The material on this site is for financial institutions, professional investors and their professional advisers. It is for information only. Please read our Terms & Conditions, Privacy Policy and Cookies before using this site. Please see our Subscription Terms and Conditions.

All material subject to strictly enforced copyright laws. © 2022 Euromoney, a part of the Euromoney Institutional Investor PLC.
Capital Markets

Absence of crisis is the limit of progress

Latin American bond markets have maintained unexpected buoyancy so far this year. But the restructuring of Argentina's debt still looms as a prerequisite of the investment flows it needs, and Brazil is yet to institute the reforms that will enable its private sector to generate growth. Trade agreements would help. Felix Salmon reports.

AS BANKERS, FINANCE ministers and thousands of other interested parties converge on Lima for the annual meeting of the Inter-American Development Bank (IDB) at the end of this month, regulars could be forgiven for wondering where the crisis is.

Argentina will be a prime topic of conversation, of course; the Dominican Republic and Haiti are in crisis; and the president of the host country, Peru, is still struggling to keep his approval rating in double digits. Nevertheless, the broader picture is pretty healthy.

The economy of the region as a whole is expected to grow by more than 4% over the year, and not a single major country seems to be anywhere near recession. The capital markets remain open to both sovereign and corporate borrowers, and there's even a hint of hope that there might be some equity issuance soon.

The strongest indication that everybody is pretty comfortable about 2004 is that they are already worrying about 2005. Will the US Federal Reserve start a tightening cycle after the US presidential election? Will Brazil's cyclical rebound fail to transform itself into solid, sustainable growth? Will the flood tide of liquidity that washed into the region's bond markets in 2003 ebb back north two years later, drawn inexorably by the tidal pull of the US current-account deficit?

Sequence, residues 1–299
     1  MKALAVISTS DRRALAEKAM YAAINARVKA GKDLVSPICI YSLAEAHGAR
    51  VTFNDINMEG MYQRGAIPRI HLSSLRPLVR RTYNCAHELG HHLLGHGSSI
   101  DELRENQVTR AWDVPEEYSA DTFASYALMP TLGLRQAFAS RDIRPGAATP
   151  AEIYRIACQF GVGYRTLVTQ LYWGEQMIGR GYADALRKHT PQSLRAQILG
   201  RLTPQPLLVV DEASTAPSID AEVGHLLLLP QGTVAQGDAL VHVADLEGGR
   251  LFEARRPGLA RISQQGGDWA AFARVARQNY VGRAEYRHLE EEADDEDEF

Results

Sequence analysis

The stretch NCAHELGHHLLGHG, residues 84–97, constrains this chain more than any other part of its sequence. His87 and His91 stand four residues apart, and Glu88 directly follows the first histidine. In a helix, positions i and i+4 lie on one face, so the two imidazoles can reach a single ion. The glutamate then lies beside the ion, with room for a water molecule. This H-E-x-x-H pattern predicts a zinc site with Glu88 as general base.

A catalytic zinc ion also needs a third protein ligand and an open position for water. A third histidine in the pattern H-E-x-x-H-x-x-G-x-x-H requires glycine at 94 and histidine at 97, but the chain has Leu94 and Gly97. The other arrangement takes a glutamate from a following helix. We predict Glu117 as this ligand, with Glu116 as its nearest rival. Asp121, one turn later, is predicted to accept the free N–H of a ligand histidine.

So far, though, 2004 is going extremely well.

You have reached premium content. Please log in to continue reading.

Read beyond the headlines with Euromoney

For over 50 years, our readers have looked to Euromoney to stay informed about the issues that matter in the international banking and financial markets. Find out more about our different levels of access below.


Unlimited access to and

Expert comment, long reads and in-depth analysis interviews with senior finance professionals

Access the results of our market-leading annual surveys across core financial services

Access the results of our annual awards, including the world-renowned Awards for Excellence

Your print copy of Euromoney magazine delivered monthly

£73.75 per month

Billed Annually


Unlimited access to and, including our top stories, long reads, expert analysis, and the results of our annual surveys and awards

Sign up to any of our newsletters, curated by our editors


Already a user?

We use cookies to provide a personalized site experience.
By continuing to use & browse the site you agree to our Privacy Policy.
I agree